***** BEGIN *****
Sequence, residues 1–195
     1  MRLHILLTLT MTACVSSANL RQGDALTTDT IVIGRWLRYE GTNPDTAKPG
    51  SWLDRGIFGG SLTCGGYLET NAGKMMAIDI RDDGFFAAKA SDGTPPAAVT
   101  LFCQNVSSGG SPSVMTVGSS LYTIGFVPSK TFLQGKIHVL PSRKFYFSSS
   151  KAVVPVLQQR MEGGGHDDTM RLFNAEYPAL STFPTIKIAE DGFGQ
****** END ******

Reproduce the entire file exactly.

Sequence, residues 1–195
     1  MRLHILLTLT MTACVSSANL RQGDALTTDT IVIGRWLRYE GTNPDTAKPG
    51  SWLDRGIFGG SLTCGGYLET NAGKMMAIDI RDDGFFAAKA SDGTPPAAVT
   101  LFCQNVSSGG SPSVMTVGSS LYTIGFVPSK TFLQGKIHVL PSRKFYFSSS
   151  KAVVPVLQQR MEGGGHDDTM RLFNAEYPAL STFPTIKIAE DGFGQ